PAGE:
+ Top clubs could loan their players out to lower division clubs, the players develop and the lower division club benefits by getting talented youngsters to meet the criteria.
- Not something that could be done at the top division, or even the second division in Turkey. And the third division is a very low quality league which isn't likely to feed too many players up the leagues.

6 - Italian domestic trade system
Italian clubs are allowed to deal non-EU players freely domestically, but are limited to how many non-EU players they can bring in from abroad, i.e., Inter can sign as many foreign players as they want from every club in Italy, but can only sign one 'new Maradona' from Argentina.

+ Gives Anatolian clubs the purpose they want in life - inflating players and selling them to Istanbul
- I can see Turks exploiting this, i.e., Fenerbahce signing Diego Buonanotte from River Plate, using Istanbulspor as a proxy, so the player was signed domestically and uses up Istanbulspor's limit, not Fenerbahce's.
-/+ The above can be overcome by saying a player is free to move only after 6 or even 12 months playing in the league.

7 - Spanish player registration & reserve team systems
This isn't so much related to foreign players as it is a generally good system we should look to implement. Spanish teams must register their players, up to 25, to play for them that season. They also register players for their B and even C teams, 25 each, and players registered for one team (A, B or C) can play for the others. In Spain reserve teams are allowed to compete in the normal leagues, they just can't be promoted to the same leagues as eachother (i.e., Barcelona B can't be promoted to the top flight, Barcelona A can't be relegated to the second division without Barcelona B being put down into the third).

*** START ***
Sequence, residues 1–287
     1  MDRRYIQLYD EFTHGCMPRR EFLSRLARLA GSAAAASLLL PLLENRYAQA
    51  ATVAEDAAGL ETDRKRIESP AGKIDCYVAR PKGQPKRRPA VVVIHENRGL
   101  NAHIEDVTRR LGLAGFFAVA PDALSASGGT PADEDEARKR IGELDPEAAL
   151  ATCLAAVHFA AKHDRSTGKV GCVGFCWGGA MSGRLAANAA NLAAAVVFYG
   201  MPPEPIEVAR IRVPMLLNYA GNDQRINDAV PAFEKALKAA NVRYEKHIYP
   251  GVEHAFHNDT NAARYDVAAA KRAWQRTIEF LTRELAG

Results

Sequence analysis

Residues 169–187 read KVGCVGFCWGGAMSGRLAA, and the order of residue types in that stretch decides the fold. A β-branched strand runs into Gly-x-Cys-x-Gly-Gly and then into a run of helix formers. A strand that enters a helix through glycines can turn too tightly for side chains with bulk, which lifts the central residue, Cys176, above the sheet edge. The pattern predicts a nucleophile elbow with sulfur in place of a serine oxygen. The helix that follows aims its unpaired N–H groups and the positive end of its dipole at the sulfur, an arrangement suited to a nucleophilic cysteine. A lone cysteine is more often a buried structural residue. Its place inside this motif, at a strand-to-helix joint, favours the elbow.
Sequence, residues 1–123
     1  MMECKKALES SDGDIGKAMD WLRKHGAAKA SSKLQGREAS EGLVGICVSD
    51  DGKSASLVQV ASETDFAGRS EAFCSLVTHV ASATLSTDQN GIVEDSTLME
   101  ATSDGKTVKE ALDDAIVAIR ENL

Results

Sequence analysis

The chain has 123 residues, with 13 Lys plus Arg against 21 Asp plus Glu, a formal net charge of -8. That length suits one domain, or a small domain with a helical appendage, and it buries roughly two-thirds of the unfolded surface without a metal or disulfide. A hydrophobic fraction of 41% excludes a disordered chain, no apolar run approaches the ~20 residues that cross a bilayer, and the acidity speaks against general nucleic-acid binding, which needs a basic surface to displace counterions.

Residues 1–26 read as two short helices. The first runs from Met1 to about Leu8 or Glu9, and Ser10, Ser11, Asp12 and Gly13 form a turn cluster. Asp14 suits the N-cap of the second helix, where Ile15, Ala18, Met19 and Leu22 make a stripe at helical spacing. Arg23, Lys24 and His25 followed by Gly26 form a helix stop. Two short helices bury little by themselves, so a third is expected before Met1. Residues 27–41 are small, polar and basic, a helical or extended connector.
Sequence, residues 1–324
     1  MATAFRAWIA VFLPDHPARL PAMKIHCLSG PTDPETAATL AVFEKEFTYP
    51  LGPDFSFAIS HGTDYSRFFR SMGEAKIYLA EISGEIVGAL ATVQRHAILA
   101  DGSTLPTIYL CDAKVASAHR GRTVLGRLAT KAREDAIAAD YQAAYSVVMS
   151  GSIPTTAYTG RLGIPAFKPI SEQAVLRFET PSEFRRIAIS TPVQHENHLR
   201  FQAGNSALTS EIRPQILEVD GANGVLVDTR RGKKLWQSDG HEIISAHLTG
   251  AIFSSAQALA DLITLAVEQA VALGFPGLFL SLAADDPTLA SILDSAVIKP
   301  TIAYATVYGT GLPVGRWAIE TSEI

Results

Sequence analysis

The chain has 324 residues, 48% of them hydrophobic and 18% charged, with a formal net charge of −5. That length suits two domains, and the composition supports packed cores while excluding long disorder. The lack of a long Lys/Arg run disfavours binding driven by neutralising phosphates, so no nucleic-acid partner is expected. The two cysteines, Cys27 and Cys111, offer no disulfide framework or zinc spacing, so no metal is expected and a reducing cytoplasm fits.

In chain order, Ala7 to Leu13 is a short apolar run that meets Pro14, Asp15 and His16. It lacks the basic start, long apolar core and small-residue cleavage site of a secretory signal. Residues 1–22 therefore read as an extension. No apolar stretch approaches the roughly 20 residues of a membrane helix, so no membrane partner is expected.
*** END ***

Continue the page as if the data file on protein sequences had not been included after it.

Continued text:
+ Putting a player registration, and limit restriction on the league goes hand in hand with enforcing some of the other restrictions that could be put forward.
+ Giving our clubs reserve teams playing at a competitive level might be just what the doctor ordered, imagine Ilhan, Kemal, Serdar, Can Arat, Gurhan and others playing in the second division in Turkey? Fantastic.

Bottom line - we can't make it a completely free system, it didn't help Belgium at all and they can still export players to EU leagues, something we can't do because they're held up by restrictions.

· Registered
690 Posts
both sides present good arguments, perhaps the best system would be one along the lines of the English work permit system for non-eu players

of course in our case it would apply for all foreign players, but it would be a way to regulate the inflow of foreign players so as to insure only quality ones made it through

I don't know, Kerem. As mentioned above, TFF would regulate who would get the permit and who wouldn't.

Somehow, when there is a choice - any kind of a choice.. be it a refs call or deciding on a work permit, they are (again) 'somehow' always made in against Fenerbahces favor. I wouldn't like to give even more control to TFF over us.